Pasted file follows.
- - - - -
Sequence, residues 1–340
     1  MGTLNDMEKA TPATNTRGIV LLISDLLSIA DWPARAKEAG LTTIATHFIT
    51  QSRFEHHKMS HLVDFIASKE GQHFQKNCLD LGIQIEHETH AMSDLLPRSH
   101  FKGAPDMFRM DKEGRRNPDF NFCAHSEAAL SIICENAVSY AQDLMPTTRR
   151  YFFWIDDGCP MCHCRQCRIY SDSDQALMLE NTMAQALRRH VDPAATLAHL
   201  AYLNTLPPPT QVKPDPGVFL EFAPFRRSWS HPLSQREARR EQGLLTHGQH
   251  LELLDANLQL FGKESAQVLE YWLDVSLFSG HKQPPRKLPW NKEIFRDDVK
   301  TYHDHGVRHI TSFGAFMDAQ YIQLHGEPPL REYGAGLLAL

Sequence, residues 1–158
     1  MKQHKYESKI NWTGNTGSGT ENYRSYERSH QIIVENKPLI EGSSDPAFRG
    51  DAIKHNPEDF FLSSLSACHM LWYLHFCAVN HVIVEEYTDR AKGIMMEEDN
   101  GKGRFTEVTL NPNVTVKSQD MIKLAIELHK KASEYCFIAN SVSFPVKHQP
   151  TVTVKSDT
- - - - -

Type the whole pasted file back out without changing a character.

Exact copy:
Sequence, residues 1–340
     1  MGTLNDMEKA TPATNTRGIV LLISDLLSIA DWPARAKEAG LTTIATHFIT
    51  QSRFEHHKMS HLVDFIASKE GQHFQKNCLD LGIQIEHETH AMSDLLPRSH
   101  FKGAPDMFRM DKEGRRNPDF NFCAHSEAAL SIICENAVSY AQDLMPTTRR
   151  YFFWIDDGCP MCHCRQCRIY SDSDQALMLE NTMAQALRRH VDPAATLAHL
   201  AYLNTLPPPT QVKPDPGVFL EFAPFRRSWS HPLSQREARR EQGLLTHGQH
   251  LELLDANLQL FGKESAQVLE YWLDVSLFSG HKQPPRKLPW NKEIFRDDVK
   301  TYHDHGVRHI TSFGAFMDAQ YIQLHGEPPL REYGAGLLAL

Sequence, residues 1–158
     1  MKQHKYESKI NWTGNTGSGT ENYRSYERSH QIIVENKPLI EGSSDPAFRG
    51  DAIKHNPEDF FLSSLSACHM LWYLHFCAVN HVIVEEYTDR AKGIMMEEDN
   101  GKGRFTEVTL NPNVTVKSQD MIKLAIELHK KASEYCFIAN SVSFPVKHQP
   151  TVTVKSDT